This conclusion contained two important ambiguities. The first ambiguity was “significant,” which is a relative term for which no scale was given (and it was the lack of scale that was problematic, not the use of the ambiguous but lively term “significant”). That is, “significant on what scale?”
The second ambiguity was in the paragraph as a whole, which read:
The report provides a less rosy picture of Bell’s finances than the one city officials have offered in recent weeks. While Bell has a balanced budget, it has also faced significant belt-tightening.
It wasn’t clear whether the reporters’ justification for claiming “significant belt-tightening” could be found in the report or in the other parts of their story as well. But the strongest possible reconstruction of the argument would have come from incorporating evidence throughout the story, and so that is what will happen here.
Evidence for the claim that Bell had significantly tightened its belt came from three places. The first place was, again, the report, which described spending reductions. The reductions certainly qualified as “belt-tightening.” But “significant belt-tightening”? Who knows? It was almost as if readers were encouraged to fill in whatever definition of “significant” they would conjure and assume that those were the changes Bell made. Again, a comparison with other cities or a definition of some scale of “significance” would have facilitated acceptance of the conclusion.
The second location of evidence was a description from Gilbert Jara of the Bell Police Officers Association. Jara was paraphrased as saying that “the cuts included layoffs of some non-sworn employees, and have had other ill effects.”
“Every year we are supposed to update our training,” Jara said. “It has now gotten down to where they give us a CD to watch and say, ‘OK, that’s your training.’ We watch a CD for three or four hours and that’s it.”
Officers are supposed to get quarterly firing-range training but “are lucky to get there once a year,” he said. Many of the department’s 24 authorized positions are left perennially unfilled, he said, and officers drive patrol cars “with like 200,000 miles on them.” (12–14)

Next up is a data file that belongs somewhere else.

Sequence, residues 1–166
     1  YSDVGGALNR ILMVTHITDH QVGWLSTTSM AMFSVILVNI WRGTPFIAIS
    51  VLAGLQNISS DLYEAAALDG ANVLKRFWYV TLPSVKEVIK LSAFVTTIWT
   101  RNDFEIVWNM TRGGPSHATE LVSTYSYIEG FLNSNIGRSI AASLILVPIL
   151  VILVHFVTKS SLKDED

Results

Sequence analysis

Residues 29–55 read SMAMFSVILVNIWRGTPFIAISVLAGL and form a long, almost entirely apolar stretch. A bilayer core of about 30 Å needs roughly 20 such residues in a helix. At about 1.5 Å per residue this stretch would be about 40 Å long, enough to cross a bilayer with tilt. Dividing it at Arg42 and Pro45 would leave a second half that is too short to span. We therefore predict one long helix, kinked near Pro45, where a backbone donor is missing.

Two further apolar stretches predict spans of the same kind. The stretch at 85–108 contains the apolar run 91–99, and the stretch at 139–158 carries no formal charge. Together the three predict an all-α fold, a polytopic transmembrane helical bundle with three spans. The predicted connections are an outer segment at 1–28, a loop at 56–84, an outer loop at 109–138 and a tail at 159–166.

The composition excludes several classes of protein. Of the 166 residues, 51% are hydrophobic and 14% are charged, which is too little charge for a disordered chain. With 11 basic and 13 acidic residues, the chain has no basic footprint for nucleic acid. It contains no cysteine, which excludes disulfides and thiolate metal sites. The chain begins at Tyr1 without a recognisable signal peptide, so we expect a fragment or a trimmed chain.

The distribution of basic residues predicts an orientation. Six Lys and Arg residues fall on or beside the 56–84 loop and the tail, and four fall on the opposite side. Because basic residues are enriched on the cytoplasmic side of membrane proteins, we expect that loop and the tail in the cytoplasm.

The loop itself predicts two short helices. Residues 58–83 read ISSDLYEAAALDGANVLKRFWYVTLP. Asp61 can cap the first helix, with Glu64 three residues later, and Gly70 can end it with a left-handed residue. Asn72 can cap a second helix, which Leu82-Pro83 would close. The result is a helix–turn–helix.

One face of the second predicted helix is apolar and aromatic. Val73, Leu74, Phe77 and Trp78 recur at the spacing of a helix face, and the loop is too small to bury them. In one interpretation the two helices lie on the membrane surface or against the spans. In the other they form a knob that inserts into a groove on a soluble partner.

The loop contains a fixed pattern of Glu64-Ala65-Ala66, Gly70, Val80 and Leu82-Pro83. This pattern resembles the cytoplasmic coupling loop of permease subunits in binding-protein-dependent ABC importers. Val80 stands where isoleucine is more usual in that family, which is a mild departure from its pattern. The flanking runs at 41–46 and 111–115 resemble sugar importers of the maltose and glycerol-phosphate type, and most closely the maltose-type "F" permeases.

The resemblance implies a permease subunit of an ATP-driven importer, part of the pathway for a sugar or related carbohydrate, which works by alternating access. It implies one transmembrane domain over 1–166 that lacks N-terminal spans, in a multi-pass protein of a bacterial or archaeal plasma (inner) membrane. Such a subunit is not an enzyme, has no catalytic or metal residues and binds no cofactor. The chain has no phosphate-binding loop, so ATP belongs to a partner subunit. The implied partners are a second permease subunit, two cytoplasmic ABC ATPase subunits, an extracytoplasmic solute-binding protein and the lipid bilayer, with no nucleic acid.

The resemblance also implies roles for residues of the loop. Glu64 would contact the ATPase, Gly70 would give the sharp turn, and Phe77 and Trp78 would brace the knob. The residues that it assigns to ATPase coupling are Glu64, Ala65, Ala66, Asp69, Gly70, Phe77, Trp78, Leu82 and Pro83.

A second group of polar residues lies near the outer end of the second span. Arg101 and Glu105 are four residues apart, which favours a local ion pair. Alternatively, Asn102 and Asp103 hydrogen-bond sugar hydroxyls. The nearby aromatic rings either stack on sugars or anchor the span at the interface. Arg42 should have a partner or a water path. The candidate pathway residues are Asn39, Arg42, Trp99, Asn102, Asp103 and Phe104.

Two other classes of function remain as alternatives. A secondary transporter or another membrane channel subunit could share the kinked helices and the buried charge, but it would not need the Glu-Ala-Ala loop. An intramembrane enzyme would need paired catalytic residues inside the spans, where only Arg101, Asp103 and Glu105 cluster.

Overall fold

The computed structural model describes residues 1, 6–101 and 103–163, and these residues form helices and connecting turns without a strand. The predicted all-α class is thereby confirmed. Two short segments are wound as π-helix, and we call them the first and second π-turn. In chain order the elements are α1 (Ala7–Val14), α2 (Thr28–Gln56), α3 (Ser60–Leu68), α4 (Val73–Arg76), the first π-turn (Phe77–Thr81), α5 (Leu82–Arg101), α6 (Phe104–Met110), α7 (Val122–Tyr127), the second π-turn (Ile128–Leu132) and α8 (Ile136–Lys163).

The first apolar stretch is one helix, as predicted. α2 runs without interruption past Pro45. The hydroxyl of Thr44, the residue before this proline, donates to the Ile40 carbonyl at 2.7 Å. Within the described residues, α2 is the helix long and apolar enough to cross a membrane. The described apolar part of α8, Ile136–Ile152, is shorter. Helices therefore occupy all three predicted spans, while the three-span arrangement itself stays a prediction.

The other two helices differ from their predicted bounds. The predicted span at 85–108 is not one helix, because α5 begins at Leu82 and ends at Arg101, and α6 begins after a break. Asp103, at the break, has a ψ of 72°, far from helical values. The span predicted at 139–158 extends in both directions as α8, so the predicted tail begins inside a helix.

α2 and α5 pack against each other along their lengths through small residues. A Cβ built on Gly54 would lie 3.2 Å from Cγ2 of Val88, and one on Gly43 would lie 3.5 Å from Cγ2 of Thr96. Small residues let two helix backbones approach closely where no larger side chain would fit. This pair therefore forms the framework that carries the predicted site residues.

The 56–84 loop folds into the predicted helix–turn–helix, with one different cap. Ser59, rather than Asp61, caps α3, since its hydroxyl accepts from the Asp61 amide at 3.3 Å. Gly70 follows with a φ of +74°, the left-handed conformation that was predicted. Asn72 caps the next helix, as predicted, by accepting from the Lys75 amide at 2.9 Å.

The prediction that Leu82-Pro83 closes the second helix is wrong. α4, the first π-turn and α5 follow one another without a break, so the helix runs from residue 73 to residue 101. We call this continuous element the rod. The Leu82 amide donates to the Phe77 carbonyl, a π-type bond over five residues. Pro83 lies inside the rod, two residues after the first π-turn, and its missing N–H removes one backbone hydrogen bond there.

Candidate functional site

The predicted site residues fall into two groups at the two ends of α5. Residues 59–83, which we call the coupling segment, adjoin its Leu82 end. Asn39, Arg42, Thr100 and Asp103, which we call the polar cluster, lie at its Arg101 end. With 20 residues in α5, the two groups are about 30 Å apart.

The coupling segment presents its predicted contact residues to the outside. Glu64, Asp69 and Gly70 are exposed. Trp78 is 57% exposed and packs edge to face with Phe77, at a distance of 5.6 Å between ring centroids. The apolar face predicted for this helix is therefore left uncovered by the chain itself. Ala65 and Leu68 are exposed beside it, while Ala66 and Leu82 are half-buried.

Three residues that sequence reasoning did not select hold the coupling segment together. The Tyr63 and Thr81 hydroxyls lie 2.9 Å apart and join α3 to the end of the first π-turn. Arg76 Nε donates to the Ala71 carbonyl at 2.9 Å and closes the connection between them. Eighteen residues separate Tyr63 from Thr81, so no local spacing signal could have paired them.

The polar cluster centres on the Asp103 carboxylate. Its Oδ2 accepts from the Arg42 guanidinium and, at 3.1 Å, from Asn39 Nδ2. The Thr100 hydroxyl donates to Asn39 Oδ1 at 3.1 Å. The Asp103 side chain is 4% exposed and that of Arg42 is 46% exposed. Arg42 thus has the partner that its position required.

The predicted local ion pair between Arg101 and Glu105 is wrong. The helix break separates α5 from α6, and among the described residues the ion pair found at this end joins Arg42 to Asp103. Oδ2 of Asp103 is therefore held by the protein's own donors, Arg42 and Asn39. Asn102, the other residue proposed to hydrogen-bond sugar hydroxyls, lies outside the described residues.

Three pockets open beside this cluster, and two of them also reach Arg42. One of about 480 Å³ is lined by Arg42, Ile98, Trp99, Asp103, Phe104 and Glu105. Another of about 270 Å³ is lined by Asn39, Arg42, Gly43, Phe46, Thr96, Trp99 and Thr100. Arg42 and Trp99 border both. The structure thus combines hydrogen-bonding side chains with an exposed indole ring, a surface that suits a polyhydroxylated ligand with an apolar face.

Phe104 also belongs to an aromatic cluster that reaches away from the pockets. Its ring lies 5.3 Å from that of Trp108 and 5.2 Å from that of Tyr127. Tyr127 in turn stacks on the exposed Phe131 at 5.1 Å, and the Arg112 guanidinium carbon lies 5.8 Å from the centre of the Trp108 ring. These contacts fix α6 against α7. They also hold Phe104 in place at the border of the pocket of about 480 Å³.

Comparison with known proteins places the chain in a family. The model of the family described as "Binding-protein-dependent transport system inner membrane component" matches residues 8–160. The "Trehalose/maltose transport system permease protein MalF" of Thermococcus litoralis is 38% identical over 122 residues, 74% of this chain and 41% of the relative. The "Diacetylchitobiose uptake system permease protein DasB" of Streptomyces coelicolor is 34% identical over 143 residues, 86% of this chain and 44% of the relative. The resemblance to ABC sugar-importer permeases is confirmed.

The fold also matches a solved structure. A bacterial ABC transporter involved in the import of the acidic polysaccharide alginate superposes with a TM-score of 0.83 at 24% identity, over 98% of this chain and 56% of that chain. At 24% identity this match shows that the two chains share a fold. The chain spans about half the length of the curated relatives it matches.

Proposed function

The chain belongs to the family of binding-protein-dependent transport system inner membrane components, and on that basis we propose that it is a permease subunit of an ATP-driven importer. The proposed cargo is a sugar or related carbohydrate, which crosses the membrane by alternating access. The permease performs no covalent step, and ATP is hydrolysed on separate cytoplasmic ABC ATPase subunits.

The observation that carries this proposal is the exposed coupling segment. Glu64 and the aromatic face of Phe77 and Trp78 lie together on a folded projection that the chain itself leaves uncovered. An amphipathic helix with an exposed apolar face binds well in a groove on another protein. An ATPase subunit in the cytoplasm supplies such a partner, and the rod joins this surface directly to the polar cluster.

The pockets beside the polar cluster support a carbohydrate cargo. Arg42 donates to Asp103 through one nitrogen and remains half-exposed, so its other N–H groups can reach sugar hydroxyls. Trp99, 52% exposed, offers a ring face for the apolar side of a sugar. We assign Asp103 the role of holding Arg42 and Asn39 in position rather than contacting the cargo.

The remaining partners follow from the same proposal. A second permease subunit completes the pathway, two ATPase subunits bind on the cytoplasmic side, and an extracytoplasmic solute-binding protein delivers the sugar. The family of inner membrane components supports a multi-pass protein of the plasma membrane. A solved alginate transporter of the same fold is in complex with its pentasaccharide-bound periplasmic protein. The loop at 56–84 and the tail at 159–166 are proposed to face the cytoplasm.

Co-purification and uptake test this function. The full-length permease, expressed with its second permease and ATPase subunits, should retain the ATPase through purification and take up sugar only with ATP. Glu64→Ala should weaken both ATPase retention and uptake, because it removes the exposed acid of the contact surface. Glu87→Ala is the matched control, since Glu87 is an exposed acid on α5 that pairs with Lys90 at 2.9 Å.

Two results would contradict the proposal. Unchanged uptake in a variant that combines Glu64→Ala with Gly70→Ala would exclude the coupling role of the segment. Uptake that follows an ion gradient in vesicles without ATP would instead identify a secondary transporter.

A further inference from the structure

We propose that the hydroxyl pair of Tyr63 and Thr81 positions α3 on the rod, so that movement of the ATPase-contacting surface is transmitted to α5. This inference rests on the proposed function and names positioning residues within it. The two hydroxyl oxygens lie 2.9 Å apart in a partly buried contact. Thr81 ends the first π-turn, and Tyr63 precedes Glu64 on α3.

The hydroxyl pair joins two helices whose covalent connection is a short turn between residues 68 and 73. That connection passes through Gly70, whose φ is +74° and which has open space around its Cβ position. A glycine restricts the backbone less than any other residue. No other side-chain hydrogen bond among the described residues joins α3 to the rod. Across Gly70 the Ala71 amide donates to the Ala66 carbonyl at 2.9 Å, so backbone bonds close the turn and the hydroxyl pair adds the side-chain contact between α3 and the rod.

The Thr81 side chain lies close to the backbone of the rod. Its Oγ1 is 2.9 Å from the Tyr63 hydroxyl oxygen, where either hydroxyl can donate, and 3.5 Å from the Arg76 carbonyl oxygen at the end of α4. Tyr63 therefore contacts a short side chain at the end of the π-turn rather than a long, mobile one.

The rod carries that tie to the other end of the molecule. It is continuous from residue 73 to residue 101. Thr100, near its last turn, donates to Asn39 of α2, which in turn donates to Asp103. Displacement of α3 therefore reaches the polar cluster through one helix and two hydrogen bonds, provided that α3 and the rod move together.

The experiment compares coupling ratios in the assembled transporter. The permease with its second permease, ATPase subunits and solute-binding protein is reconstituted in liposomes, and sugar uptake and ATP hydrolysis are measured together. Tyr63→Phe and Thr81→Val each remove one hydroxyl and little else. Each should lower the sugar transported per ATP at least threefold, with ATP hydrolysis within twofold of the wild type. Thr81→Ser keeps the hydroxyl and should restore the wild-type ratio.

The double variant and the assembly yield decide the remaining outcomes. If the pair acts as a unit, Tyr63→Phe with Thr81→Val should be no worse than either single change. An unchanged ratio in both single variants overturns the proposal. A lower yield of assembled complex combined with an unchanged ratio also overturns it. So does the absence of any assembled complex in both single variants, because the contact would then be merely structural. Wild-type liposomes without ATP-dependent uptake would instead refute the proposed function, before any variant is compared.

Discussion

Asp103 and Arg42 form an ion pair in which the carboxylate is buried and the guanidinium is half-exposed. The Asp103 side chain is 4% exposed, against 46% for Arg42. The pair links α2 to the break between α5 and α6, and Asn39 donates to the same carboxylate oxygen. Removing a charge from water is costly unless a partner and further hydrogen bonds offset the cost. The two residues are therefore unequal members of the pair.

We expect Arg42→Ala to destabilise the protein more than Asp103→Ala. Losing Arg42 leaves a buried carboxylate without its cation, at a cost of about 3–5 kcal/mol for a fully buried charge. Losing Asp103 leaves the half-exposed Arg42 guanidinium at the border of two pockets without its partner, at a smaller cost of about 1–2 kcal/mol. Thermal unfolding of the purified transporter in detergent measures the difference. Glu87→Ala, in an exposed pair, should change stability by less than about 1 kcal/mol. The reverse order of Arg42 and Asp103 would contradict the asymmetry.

The trouble with accepting this evidence as dispositive was the same trouble as the with report’s evidence: belt-tightening, yes. Significant? Could be. Again, a comparison or scale would have helped.
Context would have also strengthened the third source of evidence, which was anecdotes of three Bell workers who were laid off around the time described by the financial report. The frustration of these laid-off workers was authentic and well-captured. Again, they show that Bell tightened its belt. But as sad as their stories were, they simply did not show any “significant” trends, and to assume they did would exemplify the fallacy of Insufficient Sample (Damer, p. 142).
In short, then, the reporters convincingly juxtaposed the salaries received by Bell officials with reductions in the city’s spending on public services. But they did not provide enough counterevidence or context to show that the officials didn’t effectively respond to the city’s budgetary needs or that the city’s spending reductions had significantly affected the city.
It could be argued, though, that the above is not a fully accurate representation of the reporters’ argument. The reporters flirted with concluding that the Bell’s finances had been handled poorly (or perhaps unfairly) because Rizzo, Police Chief Randy Adams, and Assistant City Manager Angela Spaccia, who had by then resigned, earned big salaries while the city cut budgets. There is reason to think the reporters tried to make this argument by their frequent references to their salaries, often in comparison to other city spending (2, 5, 8, 16), their describing officials as “defending” the salaries (4, 10), and their juxtaposing the salaries with tales of layoffs and cuts (2, 5).
It was true that were some of Rizzo’s, Adams’s, and Spaccia’s salaries garnished they could have made up for the cuts to services the reporters quote from the financial report. But there was distance between this and a larger argument about what the salaries meant about the handling of Bell’s finances. Numerous questions would need answering that the reporters did not — would Rizzo say that he would have done his job poorly with less money? Did Adams in fact “turn around a department riddled with problems” as the reporters say he was supposed to? (5)
Because the reporters did not discuss these questions, which would have gone to questioning the propriety of the salaries in direct relationship to the cuts and budget-balancing, it seemed unfair to try to critique these hints as an actual argument.
There was another bit of trouble with accepting this evidence in that the reporters describe “the cuts” as having other “ill effects,” including poor training opportunities and unfilled positions. But the wording of the claims — that jobs were left “perennially unfilled” and that cars have “like 200,000 miles on them” — indicated that these were longtime problems. As such, it was not clear that they could support any conclusions about Bell’s finances in “recent years,” but rather about longtime problems with Bell’s management. But, overall, this complaint is not so weighty. ↩